As soon as the brushes 32, 33 make contact with the commutator 14 once again, particularly when the brush boxes 34 are conductively connected to the appropriate current connecting poles 36, the current is passed through the lower part of the brush boxes 34 to the lower end of the brushes, close to the commutator. The current flows through the electrically highly conductive box walls more directly and with less resistance to the commutator 14. This also increases the power of the motor.

FIGS. 4A and 4B show a DC motor 40 according to a second embodiment of the invention, with FIG. 4A showing a longitudinal section through the motor and FIG. 4B showing a plan view in the axial direction. The same parts are in this case provided with the same reference symbols as in FIGS. 1A and 1B. FIG. 5 shows an enlarged detailed view of one of the brushes from FIG. 4B.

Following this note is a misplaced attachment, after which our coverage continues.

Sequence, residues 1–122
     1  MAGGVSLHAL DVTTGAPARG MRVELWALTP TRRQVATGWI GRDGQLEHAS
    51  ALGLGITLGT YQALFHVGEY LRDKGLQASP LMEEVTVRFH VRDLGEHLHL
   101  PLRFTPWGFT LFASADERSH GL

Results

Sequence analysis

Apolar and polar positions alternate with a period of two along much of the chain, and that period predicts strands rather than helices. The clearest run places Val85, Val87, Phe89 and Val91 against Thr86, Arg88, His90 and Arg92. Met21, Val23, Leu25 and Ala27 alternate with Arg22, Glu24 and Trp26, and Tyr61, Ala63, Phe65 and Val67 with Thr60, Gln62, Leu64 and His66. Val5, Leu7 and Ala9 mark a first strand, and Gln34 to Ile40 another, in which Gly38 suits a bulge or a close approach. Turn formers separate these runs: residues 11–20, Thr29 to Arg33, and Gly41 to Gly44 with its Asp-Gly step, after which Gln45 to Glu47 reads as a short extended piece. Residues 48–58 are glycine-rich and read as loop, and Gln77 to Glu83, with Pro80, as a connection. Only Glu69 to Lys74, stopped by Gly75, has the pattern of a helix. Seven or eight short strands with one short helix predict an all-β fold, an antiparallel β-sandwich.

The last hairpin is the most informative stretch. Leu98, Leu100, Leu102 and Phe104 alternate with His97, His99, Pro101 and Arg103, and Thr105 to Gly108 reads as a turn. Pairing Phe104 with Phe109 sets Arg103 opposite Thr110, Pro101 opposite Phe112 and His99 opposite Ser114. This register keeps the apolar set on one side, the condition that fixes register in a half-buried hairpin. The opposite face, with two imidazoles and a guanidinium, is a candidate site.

As can be seen from FIG. 4B, the brush boxes 44 for the brushes 42, 43 no longer lie on a common plane which passes through the axis 29, but on a common plane which is at right angles to the axis 29 (see FIG. 4A). The oblique position of the movement direction 41 (FIG. 5) relative to the radial direction (the dashed line in the force parallelogram in FIG. 5) is in this case achieved by the two brushes 42, 43 being arranged laterally offset parallel in the opposite direction from the position shown in FIG. 1B. This also results in a tilt angle α, which leads to the radial force A being resolved into two mutually perpendicular forces B and C, which lead to the damping, according to the invention, of the lifting-off movement, while the return movement of the brushes is in contrast not influenced. In this situation as well, the angle α is in the range between 15° and 75°, preferably about 45°. This likewise results in the reduction of the electrical resistance for the current which is passed to the commutator 14. The brushes 42, 43 are connected in the same way via current carrying braids 45 to the current connecting poles 46. In this case, torque springs are used as the pressure springs 47. At the same time, the brush boxes 44 are conductively connected to the corresponding current connecting poles 46.